Dear American Girl,
I just saw my class list for this coming school year, and I found out that none of my friends are in my class. In fact, I don't get along with several of the kids who are in the class. I'm scared that for the whole year, I'm going to be friendless and bullied. Even though I'm nervous, I want to make the best of things. What can I do to improve this situation?
Here's your advice:
Surely there are one or two kids in your class with whom you can connect. Try to find others who are similar to you and stick by them. Avoid the bullies as much as you can, and if they do end up causing problems, talk to an adult.
-Zoe, age 11, Texas
None of my close friends have ended up in my classes. I see every year as an opportunity to make new friends in my class, plus I get to see my best buds at recess, during lunch, and after school.
-Sam, age 9, Pennsylvania
Even though it might seem impossible, this could be a chance for you to befriend those kids you don't get along with. If they spend more time with you, they might realize that you're a great girl and they were wrong about you.
-Sadie, age 12, Washington
Think of this as a chance to be less distracted by your friends. You might pay attention more during class, resulting in better grades.
-Mackenzie, age 10, Washington
It's likely that in your class, there will be kids like you who don't feel comfortable. Strike up a conversation with someone who looks lonely or anxious. Helping someone feel more comfortable might help you feel better, too.
-Michelle, age 11, California
If you aren't getting along with your classmates, you can always say, "I think we've gotten off to a bad start. Could we try again?"
-Julia, age 8, Massachusetts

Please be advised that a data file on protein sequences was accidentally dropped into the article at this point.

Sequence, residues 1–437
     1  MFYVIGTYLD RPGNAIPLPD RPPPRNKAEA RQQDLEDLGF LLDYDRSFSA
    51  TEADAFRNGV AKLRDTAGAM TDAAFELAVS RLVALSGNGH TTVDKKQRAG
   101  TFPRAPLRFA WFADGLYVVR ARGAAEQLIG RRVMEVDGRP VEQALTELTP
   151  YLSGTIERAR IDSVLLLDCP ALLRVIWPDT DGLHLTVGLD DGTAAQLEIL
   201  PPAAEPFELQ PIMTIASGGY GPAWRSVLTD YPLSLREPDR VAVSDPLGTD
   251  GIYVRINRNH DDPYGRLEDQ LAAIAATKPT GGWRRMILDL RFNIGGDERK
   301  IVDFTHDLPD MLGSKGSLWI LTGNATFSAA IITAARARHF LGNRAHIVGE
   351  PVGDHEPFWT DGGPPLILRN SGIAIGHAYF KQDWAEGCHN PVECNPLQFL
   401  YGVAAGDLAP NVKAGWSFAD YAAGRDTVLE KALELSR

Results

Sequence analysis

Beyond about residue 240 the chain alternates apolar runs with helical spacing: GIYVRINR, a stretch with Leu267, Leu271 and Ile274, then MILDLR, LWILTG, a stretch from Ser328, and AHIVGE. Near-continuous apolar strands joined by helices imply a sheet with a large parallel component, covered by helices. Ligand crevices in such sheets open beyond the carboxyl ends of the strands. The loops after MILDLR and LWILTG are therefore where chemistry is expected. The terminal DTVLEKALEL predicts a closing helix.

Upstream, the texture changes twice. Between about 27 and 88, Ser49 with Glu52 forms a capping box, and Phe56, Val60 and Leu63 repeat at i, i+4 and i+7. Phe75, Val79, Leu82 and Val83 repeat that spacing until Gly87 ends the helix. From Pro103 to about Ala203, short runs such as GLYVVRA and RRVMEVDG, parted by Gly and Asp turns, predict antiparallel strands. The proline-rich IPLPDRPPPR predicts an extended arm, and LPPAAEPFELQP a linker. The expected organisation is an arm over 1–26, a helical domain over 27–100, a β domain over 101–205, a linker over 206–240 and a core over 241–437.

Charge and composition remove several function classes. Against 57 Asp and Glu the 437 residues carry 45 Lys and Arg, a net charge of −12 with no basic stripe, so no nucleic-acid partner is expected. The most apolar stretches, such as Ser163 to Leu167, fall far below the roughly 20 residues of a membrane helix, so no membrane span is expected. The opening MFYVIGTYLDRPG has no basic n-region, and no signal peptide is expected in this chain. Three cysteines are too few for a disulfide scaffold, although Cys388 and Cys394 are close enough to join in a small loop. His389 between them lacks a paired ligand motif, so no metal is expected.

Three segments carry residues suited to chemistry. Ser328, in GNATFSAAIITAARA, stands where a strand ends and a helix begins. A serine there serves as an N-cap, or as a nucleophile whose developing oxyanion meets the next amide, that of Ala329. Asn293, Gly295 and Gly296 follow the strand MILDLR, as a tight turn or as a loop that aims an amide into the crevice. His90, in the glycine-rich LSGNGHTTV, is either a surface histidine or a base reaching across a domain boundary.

Even though you've had trouble with these kids in the past, start your new school year with a clean slate. Don't think of your classmates as bullies, and try to start fresh. You might end up developing some surprising friendships.
-Lainey, age 11, North Carolina
You and your friends can decide to pass a journal to each other between classes. Write down jokes or talk about how your day is going. Just be sure to write in the journal when you have free time, such as during lunch or when your homework is finished in study hall.
-Brittany, age 12, North Carolina
If the kids start to bully you, ignore them. Once they see that they aren't getting a reaction, they might back off. If you're still worried, ask your teacher for the seat farthest from the bullies. Tell your teacher, "I'm not really getting along with the kids who sit near me. Could I sit over here where I won't be distracted?"
-Autumn, age 9, Ohio
The best thing you can do is to be kind and civil to the kids in your class, even the ones you don't get along with. If you stay out of their way, they might stay out of yours.
-Nicole, age 12, Louisiana
You may have had a knee-jerk reaction when you looked at your class list. Take a second look at it—you could have missed a few nice kids on the list. Remember, not everyone in your class will be a bully.
-Sarah, age 11, Massachusetts
Talk to your school counselor—she might be able to help you with this problem.
-Hannah, age 12, Washington
My mom says, "You don't have to like everyone—you just need to try to be nice to everyone." It's great advice, and it has helped me when I haven't gotten along with others.
-Elizabeth, age 13, California
On the first day of school, take a deep breath, walk up to someone in your class who looks nice, and ask her about herself. When I didn't know anyone in my class, that's how I made a new friend.
-Abby, age 8, Missouri
Instead of imagining all of the bad things that could happen, think of the great things a school year could bring, such as meeting new friends, working on cool projects, or joining a team. Have a positive outlook about the upcoming year.
-Rebecca, age 12, Virginia
Remember, you don't have to be friends with just the kids in your class. You can make friends with kids in other grades, too. I have lots of friends at school who are older or younger than I am.
-Elena, age 11, North Carolina
I'm having the same problem, so my friends and I are joining an after-school art club together. It will be a great way to hang out, even if we can't be in the same class.
-Chrissy, age 12, Texas
Show up for class with a smile and a good attitude. Say hello to your classmates and ask how they are. Trust me—it'll make a big difference. I used to be a bully magnet, and now I'm a bully buster because of my strength and optimism. Believe in yourself, and know that you are a wonderful person.
-Pauline, age 13, North Carolina